Aurora -- Cleveland Indians manager Terry Francona, once a top baseball prospect, always dreamed about playing in the Major Leagues, but he almost ended up as a realtor.
Injuries whittled away his baseball dreams.
"When I was 23, I already had both knees operated on," he told guests June 19 at Christ Community Chapel in Aurora, where he was invited to speak. The engagement was open to everybody in the community.
"[My dream of being an excellent player] was already taken away at a young age. I was a shell of what I wanted to be as a player."
By age 32, Francona had retired as a player after having operations on his wrist, knee and shoulder.
"About two months later, I was sitting on the living room sofa watching 'Gilligan's Island' on TV," he said. "My former wife said, 'Is this what you're going to do for the rest of your life?'"
So Francona signed up for a real estate course.
"About halfway through the course, a guy from the Chicago White Sox called me and said, 'Would you like to start being a minor league manager?'"
Francona was intrigued by the idea. "I took my real estate book and gave it back to the teacher," he said. "I said, 'Hey, nobody's going to buy anything from me anyway.'"
Francona began managing in the lower levels of minor leagues.
"I loved it," he said. "The first year, I made $18,000. You're with 18- and 19-year-old kids. You're talking to kids who just went to the prom. You're the dad, uncle, brother -- everything."
Francona had found his niche. He has been the Indians manager since the start of the 2013 season.
As a youngster, Francona had every reason to believe he could be a successful pro ballplayer.
His father Tito carved out a 15-year career in the majors with nine teams, including the Indians from 1959-64.
"Every year, my high school guidance counselor said, 'Terry, you can't put 'professional baseball' down as an occupation,'" he said. "Back then, I didn't realize how stacked the odds are against you. I figured my dad did it, so I was going to do it."
He couldn't imagine that his injuries would take such a toll. By age 32, his playing career was over.
Francona began managing in the minors in 1991. By 1997, he was hired to manage the Philadelphia Phillies. He was 36.
"The reason I was hired was they didn't think they were any good," he said. "We had one good pitcher -- Curt Schilling. So every five days, we were actually pretty good. The other four days, we were terrible."
On one particular day, Schilling was getting hit hard. Fireworks at Cincinnati's Riverfront Stadium seemed to be going off constantly after all the Reds' home runs.
Francona walked to the mound, and Schilling went into a tirade about potentially being removed from the game. Francona was silent.
Finally, Schilling said to Francona, "Aren't you going to say something?"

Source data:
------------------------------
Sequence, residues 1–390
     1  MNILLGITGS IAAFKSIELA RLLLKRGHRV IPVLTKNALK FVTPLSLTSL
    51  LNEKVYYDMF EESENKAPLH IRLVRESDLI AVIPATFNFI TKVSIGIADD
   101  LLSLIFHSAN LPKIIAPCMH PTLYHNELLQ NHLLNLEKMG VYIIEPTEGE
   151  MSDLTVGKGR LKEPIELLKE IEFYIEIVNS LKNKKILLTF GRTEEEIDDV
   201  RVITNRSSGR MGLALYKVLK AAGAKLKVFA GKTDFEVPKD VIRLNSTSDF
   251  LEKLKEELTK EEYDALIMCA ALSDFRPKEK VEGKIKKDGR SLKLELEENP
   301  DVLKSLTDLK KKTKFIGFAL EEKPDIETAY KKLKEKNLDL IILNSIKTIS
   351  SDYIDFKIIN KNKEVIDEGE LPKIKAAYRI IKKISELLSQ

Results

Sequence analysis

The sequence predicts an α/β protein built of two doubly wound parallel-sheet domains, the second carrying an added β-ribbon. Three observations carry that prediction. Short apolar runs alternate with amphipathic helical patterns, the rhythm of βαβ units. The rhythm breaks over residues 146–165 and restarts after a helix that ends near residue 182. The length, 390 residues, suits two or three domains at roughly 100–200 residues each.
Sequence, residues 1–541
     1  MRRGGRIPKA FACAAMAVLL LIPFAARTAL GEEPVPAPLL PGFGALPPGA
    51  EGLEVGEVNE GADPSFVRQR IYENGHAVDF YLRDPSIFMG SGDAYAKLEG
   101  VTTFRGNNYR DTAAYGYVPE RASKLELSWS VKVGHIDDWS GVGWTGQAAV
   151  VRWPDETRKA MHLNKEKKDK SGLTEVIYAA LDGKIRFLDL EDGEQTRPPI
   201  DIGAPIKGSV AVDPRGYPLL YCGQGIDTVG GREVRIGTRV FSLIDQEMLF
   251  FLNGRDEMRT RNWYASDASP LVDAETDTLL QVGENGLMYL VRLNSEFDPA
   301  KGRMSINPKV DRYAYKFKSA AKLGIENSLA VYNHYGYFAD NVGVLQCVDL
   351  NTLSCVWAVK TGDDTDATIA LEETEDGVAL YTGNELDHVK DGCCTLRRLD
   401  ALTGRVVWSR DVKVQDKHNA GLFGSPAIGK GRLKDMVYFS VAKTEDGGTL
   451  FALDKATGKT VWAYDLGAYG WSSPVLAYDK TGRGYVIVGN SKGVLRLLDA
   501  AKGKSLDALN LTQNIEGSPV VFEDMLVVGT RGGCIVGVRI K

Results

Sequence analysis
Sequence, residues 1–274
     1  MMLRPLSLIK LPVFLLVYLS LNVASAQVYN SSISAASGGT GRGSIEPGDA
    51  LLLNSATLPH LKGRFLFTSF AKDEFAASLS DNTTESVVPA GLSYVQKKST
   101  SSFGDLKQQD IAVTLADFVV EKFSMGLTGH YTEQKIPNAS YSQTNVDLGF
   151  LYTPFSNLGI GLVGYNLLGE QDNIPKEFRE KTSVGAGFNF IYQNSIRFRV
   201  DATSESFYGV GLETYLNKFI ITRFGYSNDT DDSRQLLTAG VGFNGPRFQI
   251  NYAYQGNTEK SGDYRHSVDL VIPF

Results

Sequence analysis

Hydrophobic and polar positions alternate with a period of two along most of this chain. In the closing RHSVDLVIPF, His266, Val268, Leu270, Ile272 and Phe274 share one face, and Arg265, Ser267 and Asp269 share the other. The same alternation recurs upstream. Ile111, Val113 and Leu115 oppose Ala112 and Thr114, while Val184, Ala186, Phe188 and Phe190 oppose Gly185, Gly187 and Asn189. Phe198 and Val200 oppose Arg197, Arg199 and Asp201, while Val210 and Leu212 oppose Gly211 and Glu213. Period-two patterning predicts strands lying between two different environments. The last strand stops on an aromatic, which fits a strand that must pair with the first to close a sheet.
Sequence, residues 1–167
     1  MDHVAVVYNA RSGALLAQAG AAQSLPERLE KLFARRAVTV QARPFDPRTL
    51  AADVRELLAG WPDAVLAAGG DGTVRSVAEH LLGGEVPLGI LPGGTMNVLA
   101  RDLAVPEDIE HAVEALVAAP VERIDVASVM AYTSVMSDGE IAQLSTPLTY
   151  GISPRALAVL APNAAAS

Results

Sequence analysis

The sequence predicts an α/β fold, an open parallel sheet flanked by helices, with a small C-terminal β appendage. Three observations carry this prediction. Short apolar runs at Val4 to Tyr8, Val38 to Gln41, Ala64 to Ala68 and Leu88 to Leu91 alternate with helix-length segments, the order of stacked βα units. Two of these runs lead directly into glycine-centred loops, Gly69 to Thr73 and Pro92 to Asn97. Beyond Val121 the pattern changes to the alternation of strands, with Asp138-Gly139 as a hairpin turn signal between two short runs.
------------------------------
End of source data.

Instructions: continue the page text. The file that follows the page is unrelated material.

Francona responded, "I just came out here to give that poor fireworks guy a rest."
In 2004, Francona was hired to manage the Boston Red Sox. That season, they won their first World Series since 1918 by coming back from a 3-0 deficit against the Yankees in the American League championship series. Boston won four games in a row.
"Everybody always asks me, 'What did you tell your players? Did you have a big meeting?'" he said.
"After we lost the third game 19-8, I was sitting with the coaches the next day. We said, 'What do we do?'
"I walked into the food room. [Red Sox standouts] Johnny Damon, David Ortiz and Manny Ramirez were watching the movie 'Animal House.' [Actor] John Belushi was crashing a guitar over a guy's head, and they were cracking up.
"I thought, 'These guys are just dumb enough to think they can win.' So I stayed out of the way. And we won the series."
Later, the Red Sox dumped the St. Louis Cardinals to win the World Series. Boston won a second World Series under Francona in 2007 by thumping the Colorado Rockies. Along the way, the Red Sox defeated the Indians in the ALCS.
Today, Francona is well-established as Indians manager. He also has a workout routine established. He arrives at the ballpark at about 10:30 a.m. for night games to use a swimming "box" where one can turn on a water current to swim.
"Because I've had so many surgeries on my body, I try to have an hour to myself where I can swim," he said. "It makes my whole day better. I can bend over and touch my toes. I seem to have a little more energy.
"So I get my work done before the players start coming in at 1 p.m. Whatever's going on, I can be a part of it. I can't relax before the game until I feel prepared. Once I'm prepared, I'm good to go."
Phone: 330-541-9400 ext. 4187
Twitter: Mike Lesko@MikeLesko_RPC